boxing | Manny Pacquiao announces his retirement

(Manila) Legendary Filipino presidential candidate Manny Pacquiao announced Wednesday that he has hung up his gloves after more than 25 years of his career.




Alison Jackson
France media agency

The world champion in eight categories including six major confederations – a record – as well as Senator Pacquiao, who is 42 and aspires to succeed Philippine President Rodrigo Duterte, admitted that the decision was the “hardest” of his life.

“It’s hard for me to accept that my boxing career is over,” the champ said in a video message posted to Twitter, which quickly went viral.

“Today I announce my retirement.”

This statement comes ten days after the boxer-turned-national hero declared himself a candidate in the presidential elections in May 2022 in the Philippines.

A few weeks earlier, he had lost in a battle in Las Vegas against Cuban Yordenes Ogas. Since then, rumors about the end of his boxing career have multiplied.

Pacquiao entered politics in 2010, when he was elected MP, before becoming a senator in 2016. On September 19, he announced his candidacy for the top office.

The boxer, who is married and has five children, thanked his millions of fans around the world. He was also keen to pay special tribute to his longtime coach, Freddy Roach, saying that he considers him a member of ” [sa] Family, brother, friend.”

“He will become a legend, not only in boxing but also in the sports world,” Ted Lerner, an American sports journalist who works in the Philippines, told AFP.

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In his video message, Pacquiao claimed that boxing gave him “a chance to fight out of poverty” and “the courage to change even more lives”.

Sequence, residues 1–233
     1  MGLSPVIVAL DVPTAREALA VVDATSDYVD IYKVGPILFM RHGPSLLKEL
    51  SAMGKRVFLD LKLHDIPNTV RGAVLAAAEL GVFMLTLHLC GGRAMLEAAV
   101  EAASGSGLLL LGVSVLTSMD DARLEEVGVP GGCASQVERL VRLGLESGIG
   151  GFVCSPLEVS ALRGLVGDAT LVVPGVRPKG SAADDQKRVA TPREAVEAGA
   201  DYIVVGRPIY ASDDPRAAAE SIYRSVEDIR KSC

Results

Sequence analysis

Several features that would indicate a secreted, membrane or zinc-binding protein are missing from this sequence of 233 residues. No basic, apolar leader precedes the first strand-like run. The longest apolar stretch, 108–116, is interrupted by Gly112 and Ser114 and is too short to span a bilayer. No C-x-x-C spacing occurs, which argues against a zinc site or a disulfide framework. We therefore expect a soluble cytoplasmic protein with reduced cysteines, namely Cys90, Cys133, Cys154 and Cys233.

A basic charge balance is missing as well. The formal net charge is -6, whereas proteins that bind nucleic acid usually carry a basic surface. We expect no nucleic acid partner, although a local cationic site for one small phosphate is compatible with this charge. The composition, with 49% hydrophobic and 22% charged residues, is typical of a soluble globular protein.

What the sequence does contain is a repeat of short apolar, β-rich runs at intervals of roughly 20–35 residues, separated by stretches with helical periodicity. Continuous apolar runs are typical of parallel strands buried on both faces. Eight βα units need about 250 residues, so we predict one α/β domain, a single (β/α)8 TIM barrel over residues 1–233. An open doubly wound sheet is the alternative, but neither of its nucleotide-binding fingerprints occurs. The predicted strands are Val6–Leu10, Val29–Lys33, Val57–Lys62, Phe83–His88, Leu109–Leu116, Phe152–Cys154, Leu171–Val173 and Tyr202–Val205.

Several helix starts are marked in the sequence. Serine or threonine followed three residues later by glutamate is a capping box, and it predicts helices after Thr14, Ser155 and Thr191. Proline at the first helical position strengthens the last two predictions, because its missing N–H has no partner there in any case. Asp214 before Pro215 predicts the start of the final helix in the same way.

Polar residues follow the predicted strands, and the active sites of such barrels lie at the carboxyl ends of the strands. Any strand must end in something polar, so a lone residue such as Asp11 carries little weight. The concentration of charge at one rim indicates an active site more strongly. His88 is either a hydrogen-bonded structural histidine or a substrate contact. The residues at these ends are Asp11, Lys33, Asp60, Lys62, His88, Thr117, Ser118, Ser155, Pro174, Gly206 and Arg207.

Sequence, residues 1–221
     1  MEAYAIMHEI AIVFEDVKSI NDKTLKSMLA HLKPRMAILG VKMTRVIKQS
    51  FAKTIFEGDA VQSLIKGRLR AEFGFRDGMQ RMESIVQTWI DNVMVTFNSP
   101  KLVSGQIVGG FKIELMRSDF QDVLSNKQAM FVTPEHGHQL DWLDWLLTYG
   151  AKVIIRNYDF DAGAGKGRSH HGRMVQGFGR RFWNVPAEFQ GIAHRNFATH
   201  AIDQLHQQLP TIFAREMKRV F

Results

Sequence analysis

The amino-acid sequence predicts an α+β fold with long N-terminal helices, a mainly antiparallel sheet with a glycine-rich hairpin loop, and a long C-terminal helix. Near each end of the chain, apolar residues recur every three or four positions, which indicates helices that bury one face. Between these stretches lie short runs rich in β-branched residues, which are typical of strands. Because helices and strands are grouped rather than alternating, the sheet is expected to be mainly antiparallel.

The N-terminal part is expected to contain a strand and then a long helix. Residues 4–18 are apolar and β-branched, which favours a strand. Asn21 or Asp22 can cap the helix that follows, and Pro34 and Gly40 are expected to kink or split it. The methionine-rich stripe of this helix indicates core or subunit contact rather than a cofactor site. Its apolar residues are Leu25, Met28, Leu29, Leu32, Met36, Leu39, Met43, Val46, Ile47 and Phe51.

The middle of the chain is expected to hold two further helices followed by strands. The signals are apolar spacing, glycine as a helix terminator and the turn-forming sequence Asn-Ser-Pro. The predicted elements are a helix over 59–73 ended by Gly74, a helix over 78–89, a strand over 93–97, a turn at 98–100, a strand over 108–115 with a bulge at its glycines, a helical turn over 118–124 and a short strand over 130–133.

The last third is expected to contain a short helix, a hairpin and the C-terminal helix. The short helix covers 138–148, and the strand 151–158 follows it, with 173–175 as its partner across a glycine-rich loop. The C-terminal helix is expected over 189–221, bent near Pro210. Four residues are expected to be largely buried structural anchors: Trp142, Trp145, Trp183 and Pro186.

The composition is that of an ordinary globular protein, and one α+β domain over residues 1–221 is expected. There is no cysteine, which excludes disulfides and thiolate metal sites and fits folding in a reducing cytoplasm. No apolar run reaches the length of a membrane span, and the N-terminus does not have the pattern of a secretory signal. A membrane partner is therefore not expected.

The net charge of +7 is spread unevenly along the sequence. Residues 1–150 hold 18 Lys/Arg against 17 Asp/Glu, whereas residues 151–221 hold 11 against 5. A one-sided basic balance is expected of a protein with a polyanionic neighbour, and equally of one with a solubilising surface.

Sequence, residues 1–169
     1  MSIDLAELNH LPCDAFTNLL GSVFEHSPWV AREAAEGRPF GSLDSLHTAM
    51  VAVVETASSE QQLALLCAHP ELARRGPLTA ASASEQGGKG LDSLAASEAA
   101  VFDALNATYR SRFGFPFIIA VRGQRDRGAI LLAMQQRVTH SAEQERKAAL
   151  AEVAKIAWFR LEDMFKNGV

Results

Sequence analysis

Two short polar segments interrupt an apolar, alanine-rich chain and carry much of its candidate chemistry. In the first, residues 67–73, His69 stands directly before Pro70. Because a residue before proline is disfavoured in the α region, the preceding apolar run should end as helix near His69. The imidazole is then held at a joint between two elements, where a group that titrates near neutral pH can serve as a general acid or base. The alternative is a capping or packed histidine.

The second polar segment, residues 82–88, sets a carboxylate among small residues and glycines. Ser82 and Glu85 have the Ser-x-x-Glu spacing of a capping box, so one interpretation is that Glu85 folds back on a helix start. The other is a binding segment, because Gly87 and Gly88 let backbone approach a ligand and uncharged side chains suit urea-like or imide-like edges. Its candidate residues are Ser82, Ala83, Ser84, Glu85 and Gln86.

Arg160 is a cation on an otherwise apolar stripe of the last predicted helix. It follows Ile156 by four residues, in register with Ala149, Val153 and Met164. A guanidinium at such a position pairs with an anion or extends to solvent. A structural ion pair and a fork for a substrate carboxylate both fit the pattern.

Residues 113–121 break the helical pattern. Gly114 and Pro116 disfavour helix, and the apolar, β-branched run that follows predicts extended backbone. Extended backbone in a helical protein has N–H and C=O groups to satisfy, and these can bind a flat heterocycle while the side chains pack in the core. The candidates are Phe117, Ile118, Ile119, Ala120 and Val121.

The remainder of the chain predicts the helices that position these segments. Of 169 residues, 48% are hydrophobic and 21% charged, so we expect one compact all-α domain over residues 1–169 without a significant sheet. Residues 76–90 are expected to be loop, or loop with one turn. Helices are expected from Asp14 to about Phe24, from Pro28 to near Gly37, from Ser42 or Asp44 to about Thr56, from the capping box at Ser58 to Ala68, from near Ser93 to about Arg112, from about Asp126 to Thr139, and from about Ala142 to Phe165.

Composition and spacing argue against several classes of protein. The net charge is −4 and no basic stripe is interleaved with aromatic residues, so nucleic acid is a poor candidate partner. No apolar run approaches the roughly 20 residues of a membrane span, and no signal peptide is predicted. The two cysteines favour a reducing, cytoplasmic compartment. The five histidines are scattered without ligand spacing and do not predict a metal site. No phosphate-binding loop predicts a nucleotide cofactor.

“I will never forget what I did and accomplished in my life. I can’t imagine I just heard the last bell ”which rings at the end of the encounter, added the champion, considered one of the best boxers of all time. He briefly announced his retirement in 2016 before reversing his decision.

“happy and sad”

He is very popular in the archipelago of 110 million people where his generosity and upliftment, while born into abject poverty, are deeply admired.

Raised on the streets, Pacquiao dropped out of school at the age of 14 selling roadside cakes before working in a grocery store to help his mother provide for her two younger brothers.

At the same time, he started boxing and it took a few years for this left-handed player to become a professional.

Wednesday’s announcement was met with mixed feelings in his hometown of General Santos, in the southern part of the archipelago, where he is worshiped.

“I am happy and sad at the same time,” Ana Rodriguez, 24, told AFP.

“I am glad he will be able to spend more time with his family, but I am also sad that he no longer brings a sense of pride to General Santos.”

As he prepares to become an official presidential candidate, Pacquiao has vowed to tackle poverty and corruption in a bid to woo voters with his own story.

After two terms for Representative and one in the Senate, the election of a boxer to the top position is not unrealistic even if it is not guaranteed, in a country whose political class is shrouded in celebrities.

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Fans see Pacquiao as living proof that hardworking people can succeed and get rich, no matter where they come from.

But his critics accuse the 1940s of lack of intelligence and not often sitting in the Senate, which raises questions about his ability to lead the archipelago.

He has clashed publicly with Duterte recently, over official corruption and dealing with a naval dispute with Beijing, and it could cost him support, as the current president remains hugely popular.

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